We were already able to benefit from the essays published in Rav Aharon’s previous book, Minchat Aviv, some of which constitute comprehensive thematic studies in themselves (see, for example, his examination of the issue of “lishmah”). The current volume, however, is an entirely new development. The scope is astounding, and the imagination and ambition are inspiring. Leafing through the main headings, most of which are dealt with at length, reveals that the book covers the major issues relating to the sanctity of time and place. The first part deals with the sanctity of Shabbat and Yom Tov, Kiddush, the sanctity of Yom Kippur, the Sabbatical and Jubilee years, the sanctification of the months, and the intercalations of the calendar. The second part opens with the sanctity of Eretz Yisrael, and then moves on to the sanctity of walled cities, Jerusalem, the Temple Mount, and the Temple and its various parts.
In Kedushat Aviv, Rav Aharon applies the unique scholarly approach that characterizes all of his teachings in order to elucidate the topic of sanctity. We will note below several points relating to the author’s methodological approach.
The Shades and Precision of Familiar Concepts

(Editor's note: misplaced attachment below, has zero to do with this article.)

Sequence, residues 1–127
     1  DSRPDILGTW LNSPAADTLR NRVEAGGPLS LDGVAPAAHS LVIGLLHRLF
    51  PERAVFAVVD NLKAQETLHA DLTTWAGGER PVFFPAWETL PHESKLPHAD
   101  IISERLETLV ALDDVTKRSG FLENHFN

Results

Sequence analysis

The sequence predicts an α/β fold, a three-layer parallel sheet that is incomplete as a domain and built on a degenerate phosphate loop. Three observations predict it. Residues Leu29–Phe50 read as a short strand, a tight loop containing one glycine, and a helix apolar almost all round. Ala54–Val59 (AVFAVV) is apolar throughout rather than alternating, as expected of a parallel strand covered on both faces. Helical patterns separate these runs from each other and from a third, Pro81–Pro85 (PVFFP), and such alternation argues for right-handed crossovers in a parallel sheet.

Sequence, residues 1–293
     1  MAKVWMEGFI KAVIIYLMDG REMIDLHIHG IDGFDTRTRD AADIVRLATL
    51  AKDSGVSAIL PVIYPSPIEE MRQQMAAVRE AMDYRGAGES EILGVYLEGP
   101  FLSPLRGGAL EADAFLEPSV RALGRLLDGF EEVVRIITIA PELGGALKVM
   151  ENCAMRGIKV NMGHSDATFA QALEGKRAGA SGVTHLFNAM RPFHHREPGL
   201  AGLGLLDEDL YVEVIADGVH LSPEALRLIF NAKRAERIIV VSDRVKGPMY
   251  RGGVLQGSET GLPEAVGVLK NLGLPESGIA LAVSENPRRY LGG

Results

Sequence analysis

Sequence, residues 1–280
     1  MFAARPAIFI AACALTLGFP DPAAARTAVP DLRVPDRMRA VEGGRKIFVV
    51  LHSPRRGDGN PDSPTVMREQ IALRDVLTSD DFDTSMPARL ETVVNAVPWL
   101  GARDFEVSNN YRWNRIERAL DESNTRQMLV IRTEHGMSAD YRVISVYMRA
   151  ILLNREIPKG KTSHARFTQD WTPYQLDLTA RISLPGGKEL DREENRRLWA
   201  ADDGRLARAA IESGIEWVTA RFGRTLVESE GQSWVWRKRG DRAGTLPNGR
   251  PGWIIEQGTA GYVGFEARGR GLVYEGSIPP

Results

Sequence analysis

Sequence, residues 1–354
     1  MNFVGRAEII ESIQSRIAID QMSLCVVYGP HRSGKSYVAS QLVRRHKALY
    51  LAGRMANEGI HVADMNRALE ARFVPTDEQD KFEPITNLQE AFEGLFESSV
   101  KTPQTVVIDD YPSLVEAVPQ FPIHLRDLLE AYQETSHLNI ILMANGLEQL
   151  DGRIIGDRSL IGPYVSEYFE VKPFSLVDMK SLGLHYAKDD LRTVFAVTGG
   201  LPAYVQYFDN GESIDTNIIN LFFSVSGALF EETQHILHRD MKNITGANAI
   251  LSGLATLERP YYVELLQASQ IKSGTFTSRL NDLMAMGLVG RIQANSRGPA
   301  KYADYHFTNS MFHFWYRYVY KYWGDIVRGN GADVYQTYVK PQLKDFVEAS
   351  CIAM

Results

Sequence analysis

The grand plan of the work allowed Rav Aharon to give free rein to the fullness of his originality. This originality stems not necessarily from flashes of brilliance, but rather from the author’s fundamental and thorough examination of the material under study.
To illustrate this, let us examine one small element of a discussion concerning the sanctity of Eretz Yisrael, a classic subject in Talmudic scholarship. The chapter opens with a review of some of the well-known doctrines, as taught by the sages of Brisk – first and foremost the distinction between the “sanctity” of Eretz Yisrael and the “name” of Eretz Yisrael. This duality regarding the unique status of the land has a number of practical ramifications, which are quite familiar to anyone at home in the beit midrash. Thus, for example, the geographical scope of the “name” of Eretz Yisrael extends to the broad boundaries of the land conquered by those who came out of Egypt (as opposed to the narrower borders achieved by the returnees under Ezra). Also, it is never cancelled, even according to those who say that the initial sanctification of Eretz Yisrael did not hold for the future. Third, it obligates only some of the commandments connected to Eretz Yisrael (for example, egla arufa, but not terumot and ma’asrot). Rav Aharon considers these classical matters and declares that “Heaven has left me room to illuminate another facet of the issue.” From here he continues with novel clarifications and further developments that greatly broaden the halakhic concept of Eretz Yisrael, as the traditional dichotomy is restrictive and there is no reason to assume that it is necessarily true.